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A scanning electron microscope image shows the surface of a new chemical sensing chip. The surface consists of gold nanoparticles (small bright dots) that have been deposited over silver nanoparticles (light gray regions) to form a hybrid gold-silver nanostructure. Credit: Nan Zhang

A team from the University of Buffalo has developed a chemical sensing chip that could one day yield a portable drug detector.

To create the chip, the researchers engineered a nanostructured chip that traps light at the edges of gold and silver nanoparticles, so that when biological or chemical molecules land on its surface, some of the captured light interacts with the molecules and is scattered into light of new energies.

This effect occurs in recognizable patterns that act as fingerprints, revealing information about what compounds are present.

The chip contains a sheet of dielectric material like silicon dioxide or aluminum oxide, sandwiched between a silver mirror and a hybrid nanomaterial made from gold and silver nanoparticles.

The architecture of the chip allows molecules of cocaine or other substances to fall into the tiny spaces between the nanoparticles on the chip’s surface.

After the structure is exposed to light for testing, the silver mirror and the dielectric layer act as an optical cavity that manipulates the light in a way that increases the number of photons at the surface of the chip, intensifying the scattering signature of compounds being sensed to improve detection.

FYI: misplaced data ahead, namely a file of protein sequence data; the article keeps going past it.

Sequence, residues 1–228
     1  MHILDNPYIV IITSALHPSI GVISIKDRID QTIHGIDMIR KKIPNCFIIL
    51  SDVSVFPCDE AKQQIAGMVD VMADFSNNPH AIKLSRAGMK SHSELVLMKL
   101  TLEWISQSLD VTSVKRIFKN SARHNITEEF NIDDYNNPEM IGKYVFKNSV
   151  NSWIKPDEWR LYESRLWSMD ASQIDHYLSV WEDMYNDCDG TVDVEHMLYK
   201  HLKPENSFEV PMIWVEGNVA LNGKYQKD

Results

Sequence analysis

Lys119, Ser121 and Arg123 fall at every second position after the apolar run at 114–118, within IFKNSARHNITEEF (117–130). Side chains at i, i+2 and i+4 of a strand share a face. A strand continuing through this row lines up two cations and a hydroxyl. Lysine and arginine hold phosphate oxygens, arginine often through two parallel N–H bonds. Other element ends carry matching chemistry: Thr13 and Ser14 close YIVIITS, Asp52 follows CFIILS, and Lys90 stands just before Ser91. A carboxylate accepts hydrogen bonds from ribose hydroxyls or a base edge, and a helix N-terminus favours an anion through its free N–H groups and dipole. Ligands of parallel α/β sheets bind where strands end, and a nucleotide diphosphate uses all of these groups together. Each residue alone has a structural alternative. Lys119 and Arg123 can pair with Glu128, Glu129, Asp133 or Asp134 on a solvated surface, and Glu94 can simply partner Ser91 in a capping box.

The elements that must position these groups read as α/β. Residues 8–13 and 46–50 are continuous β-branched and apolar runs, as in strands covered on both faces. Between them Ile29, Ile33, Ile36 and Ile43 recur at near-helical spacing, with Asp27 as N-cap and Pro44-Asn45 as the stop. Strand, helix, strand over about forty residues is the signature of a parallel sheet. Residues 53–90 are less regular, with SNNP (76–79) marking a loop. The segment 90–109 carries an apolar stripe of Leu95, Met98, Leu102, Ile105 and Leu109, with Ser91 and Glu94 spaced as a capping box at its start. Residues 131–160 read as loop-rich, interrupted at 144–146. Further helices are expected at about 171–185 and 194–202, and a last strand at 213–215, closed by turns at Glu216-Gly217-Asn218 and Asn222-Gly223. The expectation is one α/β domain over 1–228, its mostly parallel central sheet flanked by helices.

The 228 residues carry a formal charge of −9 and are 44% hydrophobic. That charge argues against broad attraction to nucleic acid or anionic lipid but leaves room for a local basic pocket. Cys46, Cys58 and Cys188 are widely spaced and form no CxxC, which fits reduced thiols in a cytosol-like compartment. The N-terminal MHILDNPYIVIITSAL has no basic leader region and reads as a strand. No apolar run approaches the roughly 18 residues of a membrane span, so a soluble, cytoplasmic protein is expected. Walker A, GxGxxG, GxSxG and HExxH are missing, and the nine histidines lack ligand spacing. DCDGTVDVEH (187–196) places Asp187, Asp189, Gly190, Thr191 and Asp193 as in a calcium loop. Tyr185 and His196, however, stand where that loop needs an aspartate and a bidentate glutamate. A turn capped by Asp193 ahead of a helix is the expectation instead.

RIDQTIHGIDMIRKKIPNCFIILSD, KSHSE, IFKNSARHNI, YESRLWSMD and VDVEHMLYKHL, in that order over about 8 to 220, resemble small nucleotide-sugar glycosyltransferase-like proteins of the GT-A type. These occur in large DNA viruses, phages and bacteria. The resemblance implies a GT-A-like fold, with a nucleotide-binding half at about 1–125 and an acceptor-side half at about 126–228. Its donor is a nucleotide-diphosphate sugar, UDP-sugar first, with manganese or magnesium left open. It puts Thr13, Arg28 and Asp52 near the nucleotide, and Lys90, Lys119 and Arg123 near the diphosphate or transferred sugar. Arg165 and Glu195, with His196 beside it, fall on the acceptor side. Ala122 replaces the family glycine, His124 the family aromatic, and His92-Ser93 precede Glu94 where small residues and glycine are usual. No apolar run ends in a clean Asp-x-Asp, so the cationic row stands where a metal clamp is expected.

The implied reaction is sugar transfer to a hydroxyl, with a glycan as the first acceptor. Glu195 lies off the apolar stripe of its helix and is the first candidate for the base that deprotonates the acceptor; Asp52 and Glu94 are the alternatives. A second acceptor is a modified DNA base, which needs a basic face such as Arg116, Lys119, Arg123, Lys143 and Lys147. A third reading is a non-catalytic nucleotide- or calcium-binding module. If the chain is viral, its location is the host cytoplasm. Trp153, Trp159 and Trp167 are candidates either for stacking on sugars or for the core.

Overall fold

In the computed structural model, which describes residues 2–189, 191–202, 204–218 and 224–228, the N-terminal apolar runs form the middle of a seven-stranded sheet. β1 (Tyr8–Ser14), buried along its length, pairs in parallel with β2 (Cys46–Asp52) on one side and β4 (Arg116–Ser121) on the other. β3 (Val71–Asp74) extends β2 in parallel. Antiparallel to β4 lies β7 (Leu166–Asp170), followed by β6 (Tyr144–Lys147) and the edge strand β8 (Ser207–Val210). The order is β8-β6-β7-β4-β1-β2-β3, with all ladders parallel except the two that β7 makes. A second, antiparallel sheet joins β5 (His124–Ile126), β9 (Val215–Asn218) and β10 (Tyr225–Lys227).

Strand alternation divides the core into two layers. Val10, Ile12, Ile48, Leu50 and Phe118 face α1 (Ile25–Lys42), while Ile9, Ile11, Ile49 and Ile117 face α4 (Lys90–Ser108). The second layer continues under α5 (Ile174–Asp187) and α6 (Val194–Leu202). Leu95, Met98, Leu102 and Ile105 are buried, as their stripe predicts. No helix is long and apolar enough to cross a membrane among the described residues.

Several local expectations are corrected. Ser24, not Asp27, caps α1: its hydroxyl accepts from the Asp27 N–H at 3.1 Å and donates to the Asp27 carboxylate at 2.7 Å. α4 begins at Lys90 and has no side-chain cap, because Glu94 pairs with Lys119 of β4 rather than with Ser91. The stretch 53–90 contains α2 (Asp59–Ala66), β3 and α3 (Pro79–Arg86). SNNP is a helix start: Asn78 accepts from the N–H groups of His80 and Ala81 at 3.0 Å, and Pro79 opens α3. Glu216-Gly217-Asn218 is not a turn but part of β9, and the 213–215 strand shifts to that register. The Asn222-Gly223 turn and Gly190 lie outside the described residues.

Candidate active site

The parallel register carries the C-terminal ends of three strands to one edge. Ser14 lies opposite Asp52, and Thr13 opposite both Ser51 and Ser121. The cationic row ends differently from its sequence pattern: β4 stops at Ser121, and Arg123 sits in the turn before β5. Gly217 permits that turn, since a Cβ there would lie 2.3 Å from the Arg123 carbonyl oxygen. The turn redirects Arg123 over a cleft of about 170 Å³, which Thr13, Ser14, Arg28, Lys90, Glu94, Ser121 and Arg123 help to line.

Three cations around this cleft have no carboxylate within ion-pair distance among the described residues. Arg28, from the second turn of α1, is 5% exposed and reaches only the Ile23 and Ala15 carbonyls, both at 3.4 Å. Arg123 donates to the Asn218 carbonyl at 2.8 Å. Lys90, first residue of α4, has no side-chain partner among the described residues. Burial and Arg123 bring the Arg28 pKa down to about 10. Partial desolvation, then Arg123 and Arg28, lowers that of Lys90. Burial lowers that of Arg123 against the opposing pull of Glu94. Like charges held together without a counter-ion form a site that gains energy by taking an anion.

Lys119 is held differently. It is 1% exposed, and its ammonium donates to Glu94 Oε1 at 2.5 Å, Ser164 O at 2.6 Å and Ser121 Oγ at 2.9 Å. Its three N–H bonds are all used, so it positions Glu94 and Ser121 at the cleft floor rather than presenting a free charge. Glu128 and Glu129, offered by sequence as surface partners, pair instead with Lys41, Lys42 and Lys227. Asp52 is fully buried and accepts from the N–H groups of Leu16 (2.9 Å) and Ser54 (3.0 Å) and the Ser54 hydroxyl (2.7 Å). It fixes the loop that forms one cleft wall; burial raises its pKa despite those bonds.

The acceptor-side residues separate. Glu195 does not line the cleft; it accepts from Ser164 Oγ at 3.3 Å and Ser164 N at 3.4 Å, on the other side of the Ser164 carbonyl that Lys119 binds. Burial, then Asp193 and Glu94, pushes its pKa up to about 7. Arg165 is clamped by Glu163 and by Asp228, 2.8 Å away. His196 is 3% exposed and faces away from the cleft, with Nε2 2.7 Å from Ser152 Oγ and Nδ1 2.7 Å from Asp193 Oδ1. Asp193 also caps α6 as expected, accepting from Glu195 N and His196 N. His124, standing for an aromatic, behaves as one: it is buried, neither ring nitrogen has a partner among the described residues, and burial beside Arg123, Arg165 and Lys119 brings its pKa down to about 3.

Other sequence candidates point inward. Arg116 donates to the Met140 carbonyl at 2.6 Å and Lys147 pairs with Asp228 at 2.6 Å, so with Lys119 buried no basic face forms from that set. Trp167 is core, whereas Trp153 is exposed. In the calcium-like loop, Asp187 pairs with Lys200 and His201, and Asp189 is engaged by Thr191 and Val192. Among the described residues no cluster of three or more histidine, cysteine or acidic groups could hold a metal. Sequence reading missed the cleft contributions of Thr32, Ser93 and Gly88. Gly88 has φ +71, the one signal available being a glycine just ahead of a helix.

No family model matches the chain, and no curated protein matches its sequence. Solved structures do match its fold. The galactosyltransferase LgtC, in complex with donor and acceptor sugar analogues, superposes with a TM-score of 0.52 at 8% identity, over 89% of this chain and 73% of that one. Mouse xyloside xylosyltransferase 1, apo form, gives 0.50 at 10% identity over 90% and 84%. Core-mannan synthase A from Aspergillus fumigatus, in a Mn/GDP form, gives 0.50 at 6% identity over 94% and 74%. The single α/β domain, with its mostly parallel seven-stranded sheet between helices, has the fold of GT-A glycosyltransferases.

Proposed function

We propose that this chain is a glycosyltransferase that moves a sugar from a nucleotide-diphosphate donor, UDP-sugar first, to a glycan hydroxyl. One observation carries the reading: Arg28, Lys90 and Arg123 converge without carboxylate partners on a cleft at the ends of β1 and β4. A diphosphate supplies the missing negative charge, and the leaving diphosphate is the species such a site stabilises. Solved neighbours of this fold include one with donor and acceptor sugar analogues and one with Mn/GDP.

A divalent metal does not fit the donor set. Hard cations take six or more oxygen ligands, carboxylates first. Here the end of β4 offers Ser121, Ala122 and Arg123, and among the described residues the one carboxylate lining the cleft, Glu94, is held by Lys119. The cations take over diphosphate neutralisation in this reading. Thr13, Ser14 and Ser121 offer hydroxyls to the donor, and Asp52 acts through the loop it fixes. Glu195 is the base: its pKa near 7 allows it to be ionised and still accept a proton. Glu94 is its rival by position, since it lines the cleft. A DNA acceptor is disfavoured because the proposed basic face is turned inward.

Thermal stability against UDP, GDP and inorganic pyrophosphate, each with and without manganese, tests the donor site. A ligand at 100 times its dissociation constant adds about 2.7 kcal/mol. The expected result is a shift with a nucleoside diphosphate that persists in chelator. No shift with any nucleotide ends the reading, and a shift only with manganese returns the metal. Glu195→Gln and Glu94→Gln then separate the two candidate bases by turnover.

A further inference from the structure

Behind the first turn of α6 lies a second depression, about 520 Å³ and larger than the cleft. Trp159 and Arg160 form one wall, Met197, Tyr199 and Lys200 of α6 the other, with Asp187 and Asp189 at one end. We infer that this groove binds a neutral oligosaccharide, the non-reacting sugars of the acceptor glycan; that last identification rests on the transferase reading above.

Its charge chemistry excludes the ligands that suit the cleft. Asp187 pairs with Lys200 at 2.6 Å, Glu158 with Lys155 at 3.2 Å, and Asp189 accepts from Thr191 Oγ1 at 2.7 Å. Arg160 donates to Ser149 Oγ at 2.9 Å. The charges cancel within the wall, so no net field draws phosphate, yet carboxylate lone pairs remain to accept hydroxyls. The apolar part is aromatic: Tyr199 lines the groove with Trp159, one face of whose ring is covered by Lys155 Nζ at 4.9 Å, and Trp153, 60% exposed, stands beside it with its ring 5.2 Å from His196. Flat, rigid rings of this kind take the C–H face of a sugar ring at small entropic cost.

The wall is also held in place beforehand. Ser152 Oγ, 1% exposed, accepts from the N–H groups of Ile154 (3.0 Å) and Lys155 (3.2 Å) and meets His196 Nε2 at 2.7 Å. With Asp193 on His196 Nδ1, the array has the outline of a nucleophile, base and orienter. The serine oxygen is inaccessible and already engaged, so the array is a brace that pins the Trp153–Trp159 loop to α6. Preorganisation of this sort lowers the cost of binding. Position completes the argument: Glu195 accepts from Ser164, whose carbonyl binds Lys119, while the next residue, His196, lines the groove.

The researchers believe that the new chip could be integrated into a handheld, portable device that can detect drugs in biological samples including blood, breath, urine or spit because all chemicals—including cocaine, opioids and active ingredients in marijuana—contain unique light-scattering signatures.

“Currently, there is a great demand for on-site drug testing,” Qiaoqiang Gan, PhD, associate professor of electrical engineering in the University at Buffalo School of Engineering and Applied Sciences, said in a statement. “The high-performance chip we designed was able to detect cocaine within minutes in our experiments. It's also inexpensive: It can be produced using raw materials that cost around 10 cents, and the fabrication techniques we used are also low-cost.

“In the future, we are hoping to also use this technology to detect other drugs, including marijuana,” he added. “The widening legalization of marijuana raises a lot of societal issues, including the need for a system to quickly test drivers for drug use.”

The researchers used a sensing method called surface-enhanced Raman spectroscopy (SERS).

“SERS holds a lot of promise for rapid detection of drugs and other chemicals, but the materials required to perform the sensing are usually quite expensive,” Nan Zhang, a PhD candidate at Buffalo, said in a statement. “The chips used for SERS are typically fabricated using expensive methods, such as lithography, which creates specific patterns on a metal substrate. We created our chip by depositing various thin layers of materials on a glass substrate, which is cost-effective and suitable for industrial-scale production.”

The team will now look to install the chip in a simple, portable testing device.

The study was published in Small Methods.

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